Chinese artificial-intelligence giant Megvii Technology Ltd. is facing additional queries from the Hong Kong bourse ahead of its planned initial public offering, people familiar with the matter said.
Some questions relate to public complaints about whether the company adequately disclosed risks related to U.S. sanctions, the people said, asking not to be identified because the information is private. Megvii, which met Hong Kong Exchanges & Clearing Ltd.’s listing committee Thursday, will need to address the concerns before it receives formal clearance to go ahead with the share sale, the people said.
A recent online campaign has been encouraging people to send complaints to the listing committee and HKEX Chief Executive Officer Charles Li, lobbying the exchange not to approve Megvii’s listing application. A letter circulated online said Megvii breached the listing rules by failing to make adequate disclosures of sanction risks.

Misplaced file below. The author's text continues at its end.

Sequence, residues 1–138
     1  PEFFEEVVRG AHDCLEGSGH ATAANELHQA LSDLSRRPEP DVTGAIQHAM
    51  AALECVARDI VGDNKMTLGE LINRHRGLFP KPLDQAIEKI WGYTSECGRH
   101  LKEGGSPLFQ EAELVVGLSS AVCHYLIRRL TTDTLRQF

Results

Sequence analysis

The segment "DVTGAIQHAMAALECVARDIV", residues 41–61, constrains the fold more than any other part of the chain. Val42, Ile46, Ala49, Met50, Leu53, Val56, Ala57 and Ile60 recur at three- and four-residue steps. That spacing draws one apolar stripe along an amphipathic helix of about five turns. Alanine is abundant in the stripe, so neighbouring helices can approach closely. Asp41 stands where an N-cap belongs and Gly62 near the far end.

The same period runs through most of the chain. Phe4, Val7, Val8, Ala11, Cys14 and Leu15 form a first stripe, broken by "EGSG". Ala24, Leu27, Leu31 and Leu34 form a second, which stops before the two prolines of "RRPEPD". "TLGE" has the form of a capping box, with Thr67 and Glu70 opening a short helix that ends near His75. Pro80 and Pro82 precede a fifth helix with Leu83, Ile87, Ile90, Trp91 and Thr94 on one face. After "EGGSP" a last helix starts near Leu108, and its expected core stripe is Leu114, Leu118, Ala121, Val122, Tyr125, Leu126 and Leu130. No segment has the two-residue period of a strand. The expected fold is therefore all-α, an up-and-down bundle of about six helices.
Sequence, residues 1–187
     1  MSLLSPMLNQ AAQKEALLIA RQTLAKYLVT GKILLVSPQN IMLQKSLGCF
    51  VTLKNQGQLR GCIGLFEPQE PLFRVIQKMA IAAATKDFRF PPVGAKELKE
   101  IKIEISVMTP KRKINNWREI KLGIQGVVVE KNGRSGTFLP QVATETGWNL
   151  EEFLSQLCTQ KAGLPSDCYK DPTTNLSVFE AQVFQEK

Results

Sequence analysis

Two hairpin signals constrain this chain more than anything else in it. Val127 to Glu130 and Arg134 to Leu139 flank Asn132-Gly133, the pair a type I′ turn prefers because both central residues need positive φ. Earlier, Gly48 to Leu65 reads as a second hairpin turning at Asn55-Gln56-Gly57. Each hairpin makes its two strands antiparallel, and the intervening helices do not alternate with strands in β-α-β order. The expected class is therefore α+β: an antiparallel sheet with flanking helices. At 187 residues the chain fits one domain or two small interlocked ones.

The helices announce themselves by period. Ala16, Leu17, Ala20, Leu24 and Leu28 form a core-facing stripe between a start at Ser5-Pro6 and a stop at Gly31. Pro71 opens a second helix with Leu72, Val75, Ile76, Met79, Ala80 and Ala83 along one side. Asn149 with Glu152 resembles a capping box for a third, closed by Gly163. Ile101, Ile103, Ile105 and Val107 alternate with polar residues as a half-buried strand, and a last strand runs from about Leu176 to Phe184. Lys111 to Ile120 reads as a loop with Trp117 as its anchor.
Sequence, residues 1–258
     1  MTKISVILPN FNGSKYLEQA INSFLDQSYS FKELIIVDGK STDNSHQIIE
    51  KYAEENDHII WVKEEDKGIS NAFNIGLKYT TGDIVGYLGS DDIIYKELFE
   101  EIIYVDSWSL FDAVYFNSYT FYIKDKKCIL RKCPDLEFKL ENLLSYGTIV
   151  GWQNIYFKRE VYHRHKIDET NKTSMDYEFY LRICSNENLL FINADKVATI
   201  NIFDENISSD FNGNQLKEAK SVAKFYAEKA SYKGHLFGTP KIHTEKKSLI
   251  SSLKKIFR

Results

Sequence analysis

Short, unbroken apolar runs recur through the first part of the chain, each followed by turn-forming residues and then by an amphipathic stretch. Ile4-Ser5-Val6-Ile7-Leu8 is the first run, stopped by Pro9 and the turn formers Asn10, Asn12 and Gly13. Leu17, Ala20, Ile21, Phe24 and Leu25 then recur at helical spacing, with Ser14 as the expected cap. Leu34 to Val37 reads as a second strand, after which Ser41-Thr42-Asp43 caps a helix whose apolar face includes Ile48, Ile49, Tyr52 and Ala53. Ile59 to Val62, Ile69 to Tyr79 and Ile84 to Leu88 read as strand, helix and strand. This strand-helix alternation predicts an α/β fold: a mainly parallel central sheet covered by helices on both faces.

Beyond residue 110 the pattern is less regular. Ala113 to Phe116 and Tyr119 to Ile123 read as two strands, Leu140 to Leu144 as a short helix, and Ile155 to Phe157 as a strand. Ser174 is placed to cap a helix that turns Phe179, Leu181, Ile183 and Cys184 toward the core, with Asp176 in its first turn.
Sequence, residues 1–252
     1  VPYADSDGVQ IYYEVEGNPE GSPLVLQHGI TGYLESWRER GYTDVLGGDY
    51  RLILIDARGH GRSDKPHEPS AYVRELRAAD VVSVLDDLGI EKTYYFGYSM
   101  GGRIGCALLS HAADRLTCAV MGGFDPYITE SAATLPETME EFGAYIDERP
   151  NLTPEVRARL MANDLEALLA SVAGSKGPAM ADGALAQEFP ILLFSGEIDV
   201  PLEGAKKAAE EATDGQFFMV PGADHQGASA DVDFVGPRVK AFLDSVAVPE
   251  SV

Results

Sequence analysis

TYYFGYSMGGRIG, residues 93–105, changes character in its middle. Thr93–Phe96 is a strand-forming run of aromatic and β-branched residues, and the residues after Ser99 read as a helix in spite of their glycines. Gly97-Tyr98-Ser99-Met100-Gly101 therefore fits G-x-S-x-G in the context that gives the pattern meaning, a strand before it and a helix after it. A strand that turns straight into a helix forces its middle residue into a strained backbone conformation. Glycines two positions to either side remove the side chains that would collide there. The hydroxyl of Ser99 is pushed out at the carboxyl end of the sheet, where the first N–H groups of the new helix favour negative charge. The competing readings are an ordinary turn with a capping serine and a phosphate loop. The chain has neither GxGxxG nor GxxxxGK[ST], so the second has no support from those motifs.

Megvii filed its IPO documents in August. The exchange’s queries aren’t necessarily an indication it will block the listing, and in some previous cases it has allowed a deal to go ahead after receiving a company’s explanations. A representative for Megvii declined to comment.
The IPO could be the unofficial debut on global stage for China’s artificial intelligence industry. The AI startup is among several Chinese companies that the Trump administration blacklisted over alleged involvement in human rights violations against Muslim minorities in China.
Megvii has said it “strongly objects” to the blacklisting and that the company complies with all regulations in the markets in which it operates.
Any deal will add to the $34.3 billion raised in Hong Kong IPOs this year, according to data compiled by Bloomberg. The startup counts Alibaba Group Holding Ltd. and its financial affiliate Ant Financial and Lenovo Group Ltd. as strategic investors.
Goldman Sachs Group Inc., JPMorgan Chase & Co. and Citigroup Inc. are the joint sponsors of the deal, according to a preliminary prospectus.